My trip back to Odyssey yesterday is something of a blur for me. Sometimes I remember public events I take part in clearly, but other times I'll be hit with an adreneline rush that during the event that leaves me wondering long afterwards what, exactly, I might have said. Fortunately, while I'm foggy on what I said and can't report the details, I do have photos!



Here I am with Joy Marchand, who provided transportation for me yesterday and is also responsible for that silly grin on my face being a more or less permanent feature these days. Joy and I have known each other for years as fellow authors. I first read her work when she won WOTF and have long admired her writing style. We've been anthology mates before, sharing space in last year's Modern Magic anthology. She wrote me back in February after I posted the "Five Things Few People Know About Me" blogs. After that, we started swapping flirty emails, which led to phone calls, and now to full blown dating, despite the fact that she lives in Massachusetts and I live in North Carolina.



Speaking of anthology mates, the guy in the photo above is Eric James Stone, fellow Codexian, fellow Phobos award winner, fellow Boot Camp alumni, and soon to be fellow Odyssey grad. We share space in the anthology he's holding up, Prime Codex, which continues to recieve glowing reviews. Eric is also the person who sent me the "Five Things Few People Know About Me" challenge, so he gets partial credit for Joy and I getting together. What a weirdly interconnected world we live in.

After the discussion, I signed books. Lots and lots of books. Fortunately, I had just purchased a fresh inkpen for the event. Note to IRS: I kept the receipt for the pen. So far this year, I've been really good about keeping receipts.


Finally, here's me signing a book. Unfortunately, I don't remember the name of the person in the blue jacket. Perhaps she'll read the blog and be kind enough to post her name for me. The woman behind her is Jeanne Cavelos, leader of the workshop. Jeanne is a terrific writing instructor. Many Odfellows have gone on to publish novels, me included. Hopefully you'll one day be reading the novels of this years grads. (And, if you'll pardon a repeat plug, you can already read the words of Eric James Stone, not just in Prime Codex but in many other fine publications. See his blog for a more complete list of his stories.)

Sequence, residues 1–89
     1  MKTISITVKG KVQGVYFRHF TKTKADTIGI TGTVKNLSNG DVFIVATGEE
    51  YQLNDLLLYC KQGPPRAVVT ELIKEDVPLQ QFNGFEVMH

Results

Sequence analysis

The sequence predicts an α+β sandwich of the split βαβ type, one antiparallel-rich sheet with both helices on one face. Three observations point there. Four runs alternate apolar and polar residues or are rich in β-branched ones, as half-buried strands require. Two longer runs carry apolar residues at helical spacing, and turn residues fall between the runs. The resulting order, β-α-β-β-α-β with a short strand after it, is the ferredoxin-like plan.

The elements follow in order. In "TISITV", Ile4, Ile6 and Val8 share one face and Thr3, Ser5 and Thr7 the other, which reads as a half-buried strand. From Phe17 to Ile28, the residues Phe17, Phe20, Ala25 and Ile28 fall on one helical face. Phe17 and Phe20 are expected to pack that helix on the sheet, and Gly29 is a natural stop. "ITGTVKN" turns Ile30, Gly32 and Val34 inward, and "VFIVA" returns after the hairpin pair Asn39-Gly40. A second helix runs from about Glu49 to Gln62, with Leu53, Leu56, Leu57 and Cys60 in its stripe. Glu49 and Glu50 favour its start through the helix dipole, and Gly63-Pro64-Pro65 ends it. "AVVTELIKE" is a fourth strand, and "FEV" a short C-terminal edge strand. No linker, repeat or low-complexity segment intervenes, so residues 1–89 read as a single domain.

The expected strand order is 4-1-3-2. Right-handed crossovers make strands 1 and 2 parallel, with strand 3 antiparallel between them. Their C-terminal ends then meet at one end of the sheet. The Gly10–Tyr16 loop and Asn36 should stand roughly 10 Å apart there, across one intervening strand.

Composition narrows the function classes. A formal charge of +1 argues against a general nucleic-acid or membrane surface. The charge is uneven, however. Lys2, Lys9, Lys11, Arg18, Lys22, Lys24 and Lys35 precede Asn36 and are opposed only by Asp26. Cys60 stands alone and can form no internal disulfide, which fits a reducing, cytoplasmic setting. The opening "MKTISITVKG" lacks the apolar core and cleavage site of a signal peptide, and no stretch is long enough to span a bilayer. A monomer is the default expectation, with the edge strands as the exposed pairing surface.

Monday, July 02, 2007

Return to Odyssey

I attended the Odyssey Fantasy Writer's Workshop as a student back in 1998. Tomorrow, I'm going back to talk to this year's class as someone who has managed to build at least a modest career out of fiction.

As a result, I find myself in an introspective mood, thinking about what I've learned in the intervening nine years, trying to figure out if I have any useful advice for the current batch of students.

While advice from me may not be as valuable as advice from J. K. Rowling, I do have one nuggets I can share with the class:

The worst book you put onto paper is more valuable than the best book you keep in your head. Twice in my life, I've found myself in positions where I've been asked to show my work on short notice. The first time, Keith Olexa, the editor at Phobos, called me up to tell me I'd won a Phobos Award and asked if I'd written any novels. The year before I'd written "Nobody Gets the Girl." The novel at the time was short, only 55K words long. And, the ending was just dumb, nothing at all like the published ending. Before I sent it to him, I tacked on a new ending that was even worse, in which Rail Blade gets killed when the World Trade Towers fell on 9-11. A few months later, Keith called me back and said they wanted to publish the book, but the ending really needed to change. Knowledge that the book would see print proved a powerful creative force and I was able to arrive at the published ending, which I'm still quite proud of.

The second time, of course, came about when Nadia Cornier went from being an intern with an agency to being a full agent, if she could build a portfolio of clients. When this news reached me via the Codex boards, I was able to send her "Bitterwood," but a much shorter, less developed work than what is seeing print today. Still, while I look back on that version now as being amazingly devoid of setting details and shockingly thin on character development for the supporting cast, it still had the plot, pacing, theme, and energy that the final book has.

Can I write better novels than Bitterwood and Nobody? I think I can. I've got one book in my head that I think may be the book that turns me into a household name. Unfortunately, you can't read this book. I can't show it to an editor, and I've never been able to share more than a brief outline with my agent. It's a book I always feel I need to do just a little more research to write. It's a book I've become intimidated by. And, as a result, my perfect, fantastic book has never been read by anyone, while the good-but-could-be-better books I've published have been (or will be) read by thousands of people.